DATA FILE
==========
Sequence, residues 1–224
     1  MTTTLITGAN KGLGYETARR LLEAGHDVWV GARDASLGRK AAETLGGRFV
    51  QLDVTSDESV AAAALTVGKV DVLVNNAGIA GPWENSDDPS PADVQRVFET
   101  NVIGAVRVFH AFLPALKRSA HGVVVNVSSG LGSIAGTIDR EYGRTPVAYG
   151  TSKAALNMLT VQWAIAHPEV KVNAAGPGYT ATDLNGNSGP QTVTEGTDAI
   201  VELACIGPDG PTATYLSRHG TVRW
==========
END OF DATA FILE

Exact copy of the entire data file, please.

Sequence, residues 1–224
     1  MTTTLITGAN KGLGYETARR LLEAGHDVWV GARDASLGRK AAETLGGRFV
    51  QLDVTSDESV AAAALTVGKV DVLVNNAGIA GPWENSDDPS PADVQRVFET
   101  NVIGAVRVFH AFLPALKRSA HGVVVNVSSG LGSIAGTIDR EYGRTPVAYG
   151  TSKAALNMLT VQWAIAHPEV KVNAAGPGYT ATDLNGNSGP QTVTEGTDAI
   201  VELACIGPDG PTATYLSRHG TVRW